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  • Writer's pictureTaj

Son On The Spectrum (Part 2)

Updated: Dec 31, 2021

Part 1: Son On The Spectrum (Part 1) Part 3: Son On The Spectrum (Part 3) "I quickly buckled Gio into his car seat, got into my seat and started the engine. By now, the tears were everywhere and I had no idea how I would be able to safely drive us back home. I called my husband ("K") but was barely able to speak."

I'm not sure how many of my words pushed through my breaking voice and tears. K listened, was calm, made sense of the nearly incoherent stream of words that poured out. Told me that it would be ok, and that we would talk everything through when we both got home. I eventually regained composure and began to drive. I recalled everything I said in that office, wondering if I presented too many concerns about Gio and had brought unnecessary worry onto myself. Maybe the doctor was simply acting based on everything I said and nothing of what he had observed. Perhaps this was all in my mind, and I was bringing the family down this confusing road because of my overthinking nature. I tried to shut off the whirlwind of thoughts, but the overwhelming, nagging feeling was that something was not quite right with my baby and I needed to know.

Thankfully, not long after I returned home, my husband arrived. Immediately my eyes welled up again and we sat on the couch, me giving him a play-by-play of what had occurred at the doctor's office that day. We hugged Gio so tight, and both cried a little. We prayed, asking God for direction and strength, knowing that if we really were to walk this road, we could only do it with Him at our side.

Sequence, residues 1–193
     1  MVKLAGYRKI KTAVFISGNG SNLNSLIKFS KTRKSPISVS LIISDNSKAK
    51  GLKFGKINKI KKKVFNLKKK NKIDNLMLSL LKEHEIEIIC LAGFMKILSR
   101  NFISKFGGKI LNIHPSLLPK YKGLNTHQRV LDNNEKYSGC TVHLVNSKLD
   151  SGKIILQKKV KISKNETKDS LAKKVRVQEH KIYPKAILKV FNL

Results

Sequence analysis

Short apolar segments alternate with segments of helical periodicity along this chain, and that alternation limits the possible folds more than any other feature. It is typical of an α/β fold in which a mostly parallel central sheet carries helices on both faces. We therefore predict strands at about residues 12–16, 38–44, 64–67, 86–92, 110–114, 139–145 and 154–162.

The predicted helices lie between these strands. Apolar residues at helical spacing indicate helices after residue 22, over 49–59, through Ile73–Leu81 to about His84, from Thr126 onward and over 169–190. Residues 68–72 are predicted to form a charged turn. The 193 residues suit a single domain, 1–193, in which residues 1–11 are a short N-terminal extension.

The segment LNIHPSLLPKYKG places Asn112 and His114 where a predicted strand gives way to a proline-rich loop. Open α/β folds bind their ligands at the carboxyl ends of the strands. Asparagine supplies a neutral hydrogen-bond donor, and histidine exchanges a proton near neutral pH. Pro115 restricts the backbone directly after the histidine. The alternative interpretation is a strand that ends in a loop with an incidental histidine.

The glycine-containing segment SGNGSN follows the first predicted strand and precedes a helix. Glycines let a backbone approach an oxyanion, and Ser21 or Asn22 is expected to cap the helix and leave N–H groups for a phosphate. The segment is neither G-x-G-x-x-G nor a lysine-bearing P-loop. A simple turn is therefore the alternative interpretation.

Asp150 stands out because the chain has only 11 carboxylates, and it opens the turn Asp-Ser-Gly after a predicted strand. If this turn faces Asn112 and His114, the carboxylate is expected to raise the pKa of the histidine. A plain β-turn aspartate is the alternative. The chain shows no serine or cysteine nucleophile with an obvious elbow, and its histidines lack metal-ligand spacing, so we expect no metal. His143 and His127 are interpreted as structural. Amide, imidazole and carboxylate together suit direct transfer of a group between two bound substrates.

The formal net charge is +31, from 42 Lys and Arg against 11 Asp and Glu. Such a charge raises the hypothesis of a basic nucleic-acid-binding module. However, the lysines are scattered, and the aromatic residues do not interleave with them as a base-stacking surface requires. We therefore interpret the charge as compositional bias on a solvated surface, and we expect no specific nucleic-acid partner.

The lining up of his toys or other similar objects was one of the first traits of autism that we noticed.

The very next day we called the developmental paediatrician and made an appointment, then also booked a flight for my mom to be in the country at the time of the assessment. I just knew I would need her support. She had been with us through every milestone thus far, and we quickly realized that if autism was indeed going to be part of our lives, we would need to rely on our family members' understanding and support. My sis-in-law was also aware of our autism concerns and committed from the very beginning to walk through the ups and downs of this road with us, should that be the outcome.

During the few weeks leading up to the assessment, we tried so hard to "prep" Gio for his first big test! He already had learned on his own all the letters of the alphabet, numbers, colours, shapes and animal sounds, though his articulation was so poor that only close relatives understood. So we worked on some big areas that were difficult for him - pointing, following a gesture, imitation and articulation. We took frequent walks outside while teaching him to point at flowers, at birds, at planes, and to name everything in sight. We taught him to follow our own pointed fingers, noting with each lesson how much effort it took to teach the things that other children quickly grasp. We clapped our hands together, then encouraged him to do the same. We played "head, shoulders, knees & toes", made silly faces for him to mimic... all sorts of fun and engaging imitation games.

K and I knew we needed God to guide us as we learned more about Gio and to calm our anxiety as we wondered what the future would hold.

During these weeks we also spent a lot of time in research. We told close relatives what we were facing and together we read and shared many articles, trying to do our own sort of pre-diagnosis as we impatiently waited. We also spent a lot of time in prayer. K and I knew we needed God to guide us as we learned more about Gio and to calm our anxiety as we wondered what the future would hold.

We encouraged him to clap and sing every day. Peep the lined up crayons - lining up items happened a lot!